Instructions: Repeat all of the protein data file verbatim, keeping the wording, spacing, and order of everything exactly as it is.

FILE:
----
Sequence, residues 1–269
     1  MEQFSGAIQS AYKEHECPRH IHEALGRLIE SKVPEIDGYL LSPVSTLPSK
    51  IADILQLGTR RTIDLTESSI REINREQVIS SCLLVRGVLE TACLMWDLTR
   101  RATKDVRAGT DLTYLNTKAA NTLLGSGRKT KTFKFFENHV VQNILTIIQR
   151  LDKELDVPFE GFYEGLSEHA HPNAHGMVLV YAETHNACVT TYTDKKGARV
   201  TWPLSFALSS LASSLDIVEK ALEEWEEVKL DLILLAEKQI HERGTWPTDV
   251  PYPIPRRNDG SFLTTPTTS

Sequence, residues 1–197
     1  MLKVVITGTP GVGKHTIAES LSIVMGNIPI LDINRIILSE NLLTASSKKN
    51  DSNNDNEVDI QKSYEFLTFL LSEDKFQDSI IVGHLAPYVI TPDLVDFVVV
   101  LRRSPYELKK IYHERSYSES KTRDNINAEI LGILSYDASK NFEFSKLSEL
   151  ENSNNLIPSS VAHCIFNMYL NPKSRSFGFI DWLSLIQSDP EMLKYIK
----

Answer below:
Sequence, residues 1–269
     1  MEQFSGAIQS AYKEHECPRH IHEALGRLIE SKVPEIDGYL LSPVSTLPSK
    51  IADILQLGTR RTIDLTESSI REINREQVIS SCLLVRGVLE TACLMWDLTR
   101  RATKDVRAGT DLTYLNTKAA NTLLGSGRKT KTFKFFENHV VQNILTIIQR
   151  LDKELDVPFE GFYEGLSEHA HPNAHGMVLV YAETHNACVT TYTDKKGARV
   201  TWPLSFALSS LASSLDIVEK ALEEWEEVKL DLILLAEKQI HERGTWPTDV
   251  PYPIPRRNDG SFLTTPTTS

Sequence, residues 1–197
     1  MLKVVITGTP GVGKHTIAES LSIVMGNIPI LDINRIILSE NLLTASSKKN
    51  DSNNDNEVDI QKSYEFLTFL LSEDKFQDSI IVGHLAPYVI TPDLVDFVVV
   101  LRRSPYELKK IYHERSYSES KTRDNINAEI LGILSYDASK NFEFSKLSEL
   151  ENSNNLIPSS VAHCIFNMYL NPKSRSFGFI DWLSLIQSDP EMLKYIK